MedicalResearch: What is the background for this study? What are the main findings?
Dr. Jiang: A large proportion of health care resources in the United States are consumed by a relatively small number of individuals, who have been dubbed super-utilizers. Approximately 25% of U.S. health care expenses are incurred by 1% of the U.S. population, and 50% of expenses are incurred by 5% of the population.
Our study found that across all types of payers of medical care (Medicare, Medicaid, and private insurance), super-utilizers on average had approximately 4 times as many hospital stays as other patients, and the 30-day hospital readmission rate for super-utilizers was 4 to 8 times higher than for other patients. Among Medicaid and privately insured patients, super-utilizers had longer hospital stays and higher average hospital costs than other patients.
We also found that patients with multiple chronic conditions, such as diabetes, hypertension, and congestive heart failure, accounted for a greater share of hospital stays among super-utilizers than among other hospitalized patients. Mental health and substance use disorders were among the top 10 principal diagnoses for super-utilizers aged 1 to 64 years regardless of payer.
MedicalResearch: What should clinicians and patients take away from your report?
Dr. Jiang: Clinicians should be aware of the types of patients who are likely to be super-utilizers. They can then work with these patients to develop treatment plans and interventions that may reduce the likelihood of frequent hospitalization and possibly shift care to less intensive outpatient settings.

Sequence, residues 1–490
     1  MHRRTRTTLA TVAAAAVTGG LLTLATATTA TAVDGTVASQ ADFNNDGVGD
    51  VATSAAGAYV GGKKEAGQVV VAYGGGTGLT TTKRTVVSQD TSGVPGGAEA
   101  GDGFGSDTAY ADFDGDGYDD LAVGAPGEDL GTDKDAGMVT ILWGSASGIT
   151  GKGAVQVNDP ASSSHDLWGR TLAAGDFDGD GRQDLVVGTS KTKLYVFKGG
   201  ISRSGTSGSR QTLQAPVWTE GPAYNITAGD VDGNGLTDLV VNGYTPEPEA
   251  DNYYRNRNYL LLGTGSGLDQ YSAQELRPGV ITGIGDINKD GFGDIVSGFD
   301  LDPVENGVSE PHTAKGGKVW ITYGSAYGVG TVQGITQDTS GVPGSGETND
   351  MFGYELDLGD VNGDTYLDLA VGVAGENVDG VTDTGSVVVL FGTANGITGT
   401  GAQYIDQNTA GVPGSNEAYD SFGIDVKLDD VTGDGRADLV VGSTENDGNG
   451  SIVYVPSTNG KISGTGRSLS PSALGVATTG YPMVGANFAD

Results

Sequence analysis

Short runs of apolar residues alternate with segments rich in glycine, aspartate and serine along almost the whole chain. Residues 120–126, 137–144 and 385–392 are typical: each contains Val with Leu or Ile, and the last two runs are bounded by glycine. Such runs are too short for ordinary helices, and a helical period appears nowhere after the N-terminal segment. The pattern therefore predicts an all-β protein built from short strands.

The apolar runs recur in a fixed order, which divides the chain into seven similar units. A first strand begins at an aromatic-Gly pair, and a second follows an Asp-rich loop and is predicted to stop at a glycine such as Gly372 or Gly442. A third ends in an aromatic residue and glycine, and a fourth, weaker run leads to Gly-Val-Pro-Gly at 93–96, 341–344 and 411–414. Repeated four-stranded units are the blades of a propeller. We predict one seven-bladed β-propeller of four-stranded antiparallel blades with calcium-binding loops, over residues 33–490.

Our findings further highlight the negative health impact of chronic conditions and reinforces the need for patients to work with physicians to manage and control their chronic diseases, before hospitalization becomes necessary.
MedicalResearch: What recommendations do you have for future research as a result of this study?
Dr. Jiang: Our study was limited to the characteristics of hospital inpatient stays among super-utilizers. It would be helpful to have a more complete picture by looking at super-utilizers in the emergency department, ambulatory or outpatient surgery, and physician office settings. Further research also could focus on the types and severity of chronic conditions that are highly present among super-utilizers.
Jiang HJ (AHRQ), Weiss AJ (Truven Health Analytics), Barrett ML (M.L. Barrett, Inc.), Sheng M (Truven Health Analytics). Characteristics of Hospital Stays for Super-Utilizers by Payer, 2012. HCUP Statistical Brief #190. May 2015. Agency for Healthcare Research and Quality, Rockville, MD. http://www.hcup-us.ahrq.gov/reports/statbriefs/sb190-Hospital-Stays-Super-Utilizers-Payer-2012.pdf.
H. Joanna Jiang, Ph.D. (2015). 5% of US Population Accounts For 50% of Health Care Costs